The report found groundwater contamination at coal ash sites across Illinois
A new report released Nov. 28 found coal ash disposal sites throughout Illinois have contaminated surrounding groundwater supplies. The report by the Environmental Integrity Project, Earthjustice, Prairie Rivers Network and the Sierra Club discovered toxic pollutants leaching from 22 of 24 coal ash dump sites.
According to The State Journal-Register, the environmental groups are calling for new legislative standards to protect groundwater and regulate the closure of coal ash ponds.
“Illinois need to act now to strengthen rules that protect the public from coal ash,” said Andrew Rehn, a water resources engineer from Prairie Rivers Network. “We’re reaching a turning point as energy companies are proposing to leave coal ash in floodplains of rivers and exposed to groundwater.”
For City Water, Light & Power (CWLP), the energy utility that serves the state’s capital of Springfield, Ill., coal ash ponds near Spaulding Dam have leached unsafe levels of boron in three of the four downgradient monitoring wells. Sulfate was found in excess in two of the wells and arsenic concentrations in one well is 20 times higher than a safe level. The issue, according to the report, is that CWLP’s ash ponds are unlined, allowing toxins to leak into groundwater. In response, CWLP has said the ash ponds were not typically constructed with liners in the era they were built and that no drinking water wells are at risk.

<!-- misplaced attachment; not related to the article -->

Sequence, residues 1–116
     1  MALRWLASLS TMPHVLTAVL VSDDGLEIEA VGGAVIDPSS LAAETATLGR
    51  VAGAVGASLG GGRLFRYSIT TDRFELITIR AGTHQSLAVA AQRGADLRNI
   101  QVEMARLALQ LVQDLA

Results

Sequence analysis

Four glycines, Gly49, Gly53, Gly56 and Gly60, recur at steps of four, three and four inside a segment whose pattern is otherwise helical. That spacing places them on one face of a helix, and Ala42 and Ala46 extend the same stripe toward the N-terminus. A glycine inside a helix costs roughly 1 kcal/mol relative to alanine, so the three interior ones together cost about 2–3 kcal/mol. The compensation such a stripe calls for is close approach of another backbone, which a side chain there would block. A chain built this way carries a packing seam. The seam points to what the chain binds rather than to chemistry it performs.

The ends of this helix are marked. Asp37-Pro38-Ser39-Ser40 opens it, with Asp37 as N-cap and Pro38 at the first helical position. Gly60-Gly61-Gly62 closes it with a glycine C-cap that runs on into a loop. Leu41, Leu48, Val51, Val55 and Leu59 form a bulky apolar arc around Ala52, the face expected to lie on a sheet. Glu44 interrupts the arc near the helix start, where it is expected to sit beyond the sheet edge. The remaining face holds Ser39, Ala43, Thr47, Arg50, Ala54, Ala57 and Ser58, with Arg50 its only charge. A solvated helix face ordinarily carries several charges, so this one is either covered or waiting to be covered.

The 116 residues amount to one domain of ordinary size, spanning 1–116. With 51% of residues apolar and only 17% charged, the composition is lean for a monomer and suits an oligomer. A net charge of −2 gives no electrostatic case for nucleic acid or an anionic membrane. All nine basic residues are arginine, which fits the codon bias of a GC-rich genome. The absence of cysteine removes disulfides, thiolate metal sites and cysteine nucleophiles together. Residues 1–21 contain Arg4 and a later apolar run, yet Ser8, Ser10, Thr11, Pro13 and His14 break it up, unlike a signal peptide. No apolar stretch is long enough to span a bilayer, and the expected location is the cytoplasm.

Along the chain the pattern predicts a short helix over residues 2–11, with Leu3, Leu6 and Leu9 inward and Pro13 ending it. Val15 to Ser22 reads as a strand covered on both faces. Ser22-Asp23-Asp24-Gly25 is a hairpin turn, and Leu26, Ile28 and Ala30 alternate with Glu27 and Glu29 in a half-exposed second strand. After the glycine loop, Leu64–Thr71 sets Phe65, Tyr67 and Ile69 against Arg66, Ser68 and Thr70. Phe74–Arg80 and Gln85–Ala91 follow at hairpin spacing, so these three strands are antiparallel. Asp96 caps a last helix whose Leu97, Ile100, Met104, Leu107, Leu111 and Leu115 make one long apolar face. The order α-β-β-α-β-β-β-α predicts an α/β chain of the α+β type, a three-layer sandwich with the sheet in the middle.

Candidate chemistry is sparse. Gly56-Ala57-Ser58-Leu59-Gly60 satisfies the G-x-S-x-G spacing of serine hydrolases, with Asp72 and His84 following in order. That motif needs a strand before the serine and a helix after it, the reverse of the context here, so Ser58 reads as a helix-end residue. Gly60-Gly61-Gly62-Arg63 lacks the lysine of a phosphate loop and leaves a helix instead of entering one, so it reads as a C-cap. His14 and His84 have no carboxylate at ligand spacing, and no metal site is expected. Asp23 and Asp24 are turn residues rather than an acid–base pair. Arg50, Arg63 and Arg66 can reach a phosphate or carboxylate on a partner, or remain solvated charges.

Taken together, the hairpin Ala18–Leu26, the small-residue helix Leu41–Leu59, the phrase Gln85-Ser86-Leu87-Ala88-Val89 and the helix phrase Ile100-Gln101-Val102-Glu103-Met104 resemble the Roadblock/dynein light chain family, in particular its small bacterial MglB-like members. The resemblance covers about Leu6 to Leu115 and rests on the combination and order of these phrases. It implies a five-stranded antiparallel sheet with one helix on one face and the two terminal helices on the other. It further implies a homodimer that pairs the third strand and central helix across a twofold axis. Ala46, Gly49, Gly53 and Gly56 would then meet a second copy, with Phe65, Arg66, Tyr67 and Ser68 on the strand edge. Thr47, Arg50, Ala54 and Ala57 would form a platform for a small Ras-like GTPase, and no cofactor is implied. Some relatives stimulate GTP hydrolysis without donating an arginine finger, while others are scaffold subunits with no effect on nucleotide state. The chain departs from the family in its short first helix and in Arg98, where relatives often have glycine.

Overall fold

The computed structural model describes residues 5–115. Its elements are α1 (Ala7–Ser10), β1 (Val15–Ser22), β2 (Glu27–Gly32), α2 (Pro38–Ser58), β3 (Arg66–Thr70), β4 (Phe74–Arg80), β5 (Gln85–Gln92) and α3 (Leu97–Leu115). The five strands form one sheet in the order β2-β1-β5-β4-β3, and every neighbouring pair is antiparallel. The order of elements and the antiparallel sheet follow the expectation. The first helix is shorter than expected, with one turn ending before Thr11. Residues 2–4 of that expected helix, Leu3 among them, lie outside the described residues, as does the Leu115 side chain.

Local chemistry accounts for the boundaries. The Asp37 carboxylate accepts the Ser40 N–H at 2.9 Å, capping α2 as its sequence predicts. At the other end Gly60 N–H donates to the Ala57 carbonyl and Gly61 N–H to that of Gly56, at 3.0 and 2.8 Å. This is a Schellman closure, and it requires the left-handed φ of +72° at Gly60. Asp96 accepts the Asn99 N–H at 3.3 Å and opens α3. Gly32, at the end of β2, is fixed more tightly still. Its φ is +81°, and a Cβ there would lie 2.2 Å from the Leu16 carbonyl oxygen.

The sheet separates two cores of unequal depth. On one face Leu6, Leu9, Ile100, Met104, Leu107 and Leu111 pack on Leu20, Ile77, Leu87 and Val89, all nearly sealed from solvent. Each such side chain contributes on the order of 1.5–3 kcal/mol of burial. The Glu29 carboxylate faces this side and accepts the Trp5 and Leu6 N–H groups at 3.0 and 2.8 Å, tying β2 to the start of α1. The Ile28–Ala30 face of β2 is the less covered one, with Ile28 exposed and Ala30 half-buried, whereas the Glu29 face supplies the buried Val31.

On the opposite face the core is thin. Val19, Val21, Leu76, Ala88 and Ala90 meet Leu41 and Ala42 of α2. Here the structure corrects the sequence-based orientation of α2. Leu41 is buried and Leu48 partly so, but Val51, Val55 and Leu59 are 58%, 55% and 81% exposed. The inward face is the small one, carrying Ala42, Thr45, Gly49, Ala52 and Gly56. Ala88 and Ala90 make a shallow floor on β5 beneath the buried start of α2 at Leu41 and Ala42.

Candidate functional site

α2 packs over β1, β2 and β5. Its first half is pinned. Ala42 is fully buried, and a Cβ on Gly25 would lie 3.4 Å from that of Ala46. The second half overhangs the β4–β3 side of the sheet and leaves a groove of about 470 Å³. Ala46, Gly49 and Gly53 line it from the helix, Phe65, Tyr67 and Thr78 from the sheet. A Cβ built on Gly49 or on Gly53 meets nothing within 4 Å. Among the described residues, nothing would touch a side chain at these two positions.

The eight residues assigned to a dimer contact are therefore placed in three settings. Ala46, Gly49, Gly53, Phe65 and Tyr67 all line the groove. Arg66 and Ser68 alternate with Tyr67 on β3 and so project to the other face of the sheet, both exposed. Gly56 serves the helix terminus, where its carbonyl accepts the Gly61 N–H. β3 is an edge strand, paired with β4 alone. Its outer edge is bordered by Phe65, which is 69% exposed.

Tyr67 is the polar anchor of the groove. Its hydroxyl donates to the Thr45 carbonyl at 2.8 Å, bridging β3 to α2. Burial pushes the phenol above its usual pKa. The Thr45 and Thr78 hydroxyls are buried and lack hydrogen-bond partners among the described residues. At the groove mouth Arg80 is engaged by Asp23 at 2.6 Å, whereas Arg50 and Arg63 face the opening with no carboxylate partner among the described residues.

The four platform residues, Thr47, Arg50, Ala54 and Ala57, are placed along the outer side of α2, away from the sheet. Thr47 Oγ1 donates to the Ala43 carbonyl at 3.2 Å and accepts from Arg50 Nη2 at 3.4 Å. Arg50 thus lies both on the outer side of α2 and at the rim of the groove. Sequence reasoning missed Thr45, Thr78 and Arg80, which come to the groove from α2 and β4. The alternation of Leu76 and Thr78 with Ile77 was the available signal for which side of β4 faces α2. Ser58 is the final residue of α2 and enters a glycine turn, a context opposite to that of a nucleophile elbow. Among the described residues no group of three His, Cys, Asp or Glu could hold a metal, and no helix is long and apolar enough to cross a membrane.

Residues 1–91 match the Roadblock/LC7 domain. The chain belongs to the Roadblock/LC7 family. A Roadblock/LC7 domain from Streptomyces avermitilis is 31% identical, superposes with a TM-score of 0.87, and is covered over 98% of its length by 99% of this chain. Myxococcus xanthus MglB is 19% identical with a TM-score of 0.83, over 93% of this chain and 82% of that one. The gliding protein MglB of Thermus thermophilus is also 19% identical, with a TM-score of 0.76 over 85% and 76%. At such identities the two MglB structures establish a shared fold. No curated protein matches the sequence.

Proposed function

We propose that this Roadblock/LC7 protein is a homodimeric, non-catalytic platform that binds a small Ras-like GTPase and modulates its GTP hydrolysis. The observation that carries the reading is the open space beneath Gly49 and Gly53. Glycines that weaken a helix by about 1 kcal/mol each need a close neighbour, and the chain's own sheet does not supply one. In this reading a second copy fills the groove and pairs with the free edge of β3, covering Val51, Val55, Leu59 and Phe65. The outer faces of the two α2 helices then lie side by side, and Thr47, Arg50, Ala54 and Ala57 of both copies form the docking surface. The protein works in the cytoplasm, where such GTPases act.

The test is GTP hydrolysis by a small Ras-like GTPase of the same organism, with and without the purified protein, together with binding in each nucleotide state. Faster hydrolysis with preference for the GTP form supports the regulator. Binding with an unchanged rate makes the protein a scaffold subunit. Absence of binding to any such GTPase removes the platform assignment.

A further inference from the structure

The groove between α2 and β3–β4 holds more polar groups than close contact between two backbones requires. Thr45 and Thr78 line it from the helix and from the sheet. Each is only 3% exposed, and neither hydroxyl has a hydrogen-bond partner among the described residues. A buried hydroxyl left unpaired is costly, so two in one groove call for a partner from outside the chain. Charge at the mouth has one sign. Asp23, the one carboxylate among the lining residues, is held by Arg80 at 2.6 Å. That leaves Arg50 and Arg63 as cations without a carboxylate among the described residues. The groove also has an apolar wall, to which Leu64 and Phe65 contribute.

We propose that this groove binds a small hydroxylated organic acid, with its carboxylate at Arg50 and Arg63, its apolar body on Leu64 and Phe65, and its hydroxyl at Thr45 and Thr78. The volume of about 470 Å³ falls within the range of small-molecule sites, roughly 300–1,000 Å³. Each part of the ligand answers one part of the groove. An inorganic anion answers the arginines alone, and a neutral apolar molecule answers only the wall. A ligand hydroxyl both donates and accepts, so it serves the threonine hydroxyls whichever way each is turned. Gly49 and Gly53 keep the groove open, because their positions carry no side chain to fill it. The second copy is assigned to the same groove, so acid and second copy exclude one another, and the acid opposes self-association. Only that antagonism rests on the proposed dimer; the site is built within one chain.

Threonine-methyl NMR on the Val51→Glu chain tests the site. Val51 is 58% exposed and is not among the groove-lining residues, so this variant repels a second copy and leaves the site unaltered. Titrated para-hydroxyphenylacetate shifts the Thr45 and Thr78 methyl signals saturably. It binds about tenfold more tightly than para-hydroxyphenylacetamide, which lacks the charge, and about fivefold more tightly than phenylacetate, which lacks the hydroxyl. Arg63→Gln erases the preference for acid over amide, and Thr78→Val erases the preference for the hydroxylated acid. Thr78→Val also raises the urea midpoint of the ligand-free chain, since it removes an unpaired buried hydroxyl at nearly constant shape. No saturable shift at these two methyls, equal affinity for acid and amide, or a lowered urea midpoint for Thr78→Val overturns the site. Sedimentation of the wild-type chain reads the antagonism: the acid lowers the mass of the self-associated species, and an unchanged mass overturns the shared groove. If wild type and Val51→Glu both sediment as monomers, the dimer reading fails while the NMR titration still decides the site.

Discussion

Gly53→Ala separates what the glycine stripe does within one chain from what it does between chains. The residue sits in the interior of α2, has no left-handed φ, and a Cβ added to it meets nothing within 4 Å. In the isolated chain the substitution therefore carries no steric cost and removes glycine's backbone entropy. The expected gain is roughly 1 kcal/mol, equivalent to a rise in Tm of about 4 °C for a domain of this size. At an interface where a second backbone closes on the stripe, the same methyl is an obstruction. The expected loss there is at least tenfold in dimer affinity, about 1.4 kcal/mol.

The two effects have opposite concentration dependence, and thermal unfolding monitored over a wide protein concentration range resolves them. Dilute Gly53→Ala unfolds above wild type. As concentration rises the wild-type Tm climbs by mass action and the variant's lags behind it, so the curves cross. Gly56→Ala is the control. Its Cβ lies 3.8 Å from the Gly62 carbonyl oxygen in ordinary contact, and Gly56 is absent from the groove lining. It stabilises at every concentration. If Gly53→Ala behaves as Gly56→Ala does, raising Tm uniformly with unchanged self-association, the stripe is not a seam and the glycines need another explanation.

“These pollutants we are talking about, these heavy metals, they don’t disappear, they don’t dissolve into the environment,” said Jenny Cassel, an attorney for Earthjustice. “They stay there for years and years, and so as long as they remain in contact in water, they will continue to leach out literally for hundreds of years.”